Shafting and bushing/bearing issues
A discussion started in 2004 but continuing through 20182004
Q. We recently experienced a problem with our Tea weighing system. There was tea leakage from the weighers, whereby they were overhauled. Previously we were using normal Mild Steel shafts with phosphorus Bronze bushes. During overhaul, however these shafts were replaced with Chrome plated MS shafts.
When the machines were put back into operation most of these shafts seized. Upon analysis it was revealed that the chrome plated surface fused to the bronze bush upon heating - and restricted its movement.
My question is whether this was a correct hypothesis ?
Should this have happened?
How could it have been prevented ? Increasing lubrication, changing material etc. ?Khawaja Abdullah
- Manufacturing - Karachi, Sindh, Pakistan
Something about that doesn't sound right. Were the clearances the same as before?
Jeffrey Holmes, CEF
Spartanburg, South Carolina
The hypothesis is not only right, but I'm afraid to say is obvious. If the bronze was welded to the chromed shaft it had to be due to temperature, what else? Now, the situation sounds right to me. A chromed surface does not "wet" well with oil. For that reason, chromed surfaces requiring good lubrication must not be highly polished. As a matter of fact, they have to be provided with adequate oil "pockets" by leaving the ground finish a bit rough or applying porous chrome, such as the one used in engine piston rings.Guillermo Marrufo
Monterrey, NL, Mexico
March 20, 2012
Q. I am having bushing vibration issues while using a 50C hardened 440C stainless shaft (~20 microinch finish) with an SAE spec graphite impregnated bronze bushing. The 5/8" ID bushing is running at a .0005" - .001" diametral clearance. The bearing is stationary while the shaft spins. The bushing supports a 1.5 lb hanging mass. It appears that the bushing/mass system is vibrating while the shaft spins, creating the appearance of high friction and making noise. Has anyone had a similar problem? What can be done to fix it (different shaft material, plating, or clearance?). Thanks in advance!Brandon Richardson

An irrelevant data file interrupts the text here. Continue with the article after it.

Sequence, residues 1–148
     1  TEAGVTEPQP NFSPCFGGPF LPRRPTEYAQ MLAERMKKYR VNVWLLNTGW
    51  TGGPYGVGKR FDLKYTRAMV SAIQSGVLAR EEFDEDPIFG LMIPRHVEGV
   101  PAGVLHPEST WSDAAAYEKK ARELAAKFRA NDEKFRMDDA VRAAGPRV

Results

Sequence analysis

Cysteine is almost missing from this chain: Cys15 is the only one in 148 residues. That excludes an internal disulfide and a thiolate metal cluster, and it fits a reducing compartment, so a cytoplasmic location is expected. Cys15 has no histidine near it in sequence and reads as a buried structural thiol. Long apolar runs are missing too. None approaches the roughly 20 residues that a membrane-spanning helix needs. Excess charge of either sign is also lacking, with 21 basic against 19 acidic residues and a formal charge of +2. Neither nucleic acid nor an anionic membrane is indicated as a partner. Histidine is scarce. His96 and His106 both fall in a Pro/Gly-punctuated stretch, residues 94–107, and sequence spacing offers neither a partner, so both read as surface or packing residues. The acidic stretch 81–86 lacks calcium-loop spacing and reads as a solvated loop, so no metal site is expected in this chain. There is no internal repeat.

- Palo Alto, California, USA
A. Assuming the shaft is straight, it sounds like a harmonic vibration. Changing almost anything will stop it:
Shorter, longer, lighter or heavier shaft. More rigid bearing mount. Less rigid bearing mount. Moving the bearing to a different place on the shaft. Longer or shorter bearing length. Lighter or heavier load on the bearing. Change in rotational speed.
Try whatever is easiest, change one thing by 20% and see if it goes away.
March 16, 2018
Q. I have a very old Hayter lawnmower with a rear drum; the mild steel shaft that runs the drum has a phosphor bronze bush at either end; one end has worn the shaft considerably. If I replace the bushes would it be ok to braze the shaft where the bushes run to reduce the slack or would this be really silly? The shaft is not fast turning and takes little force but is 40 years old ... or would it be better to weld shaft ? I have means to grind shaft back to circular after.Dave Walker
- United Kingdom
A. Hi Dave. Bronze bushings run best on harder material, so weld it if you need 40 more years out of it. But brazing will probably hold for a decade or two :-)
But if it's just a plain shaft it seems easier to put in a replacement length of shafting.
Ted Mooney, P.E. RET
Pine Beach, New Jersey
Striving to live "Aloha"
March 17, 2018
Thanks for getting back so quick Ted,
Its my Grandfathers Hayter 56 mower that has been with him since new; he's now 84 years old. It's more a case of getting it back to a sensible state of repair so it actually drives itself. She's a fully aluminium body with a triple roller on the rear, one driven and the other 2 are on special one way bearings (like a bicycle rear cog).
The shaft has multiple key ways, etc., so would be a nightmare to source or remake -- that's why I asked :)
I think he's been pushing it for the last few years (though he won't admit it), so a quick repair with braze will I'm sure be sufficient for the few years use that it needs to be capable of doing.
- United Kingdom
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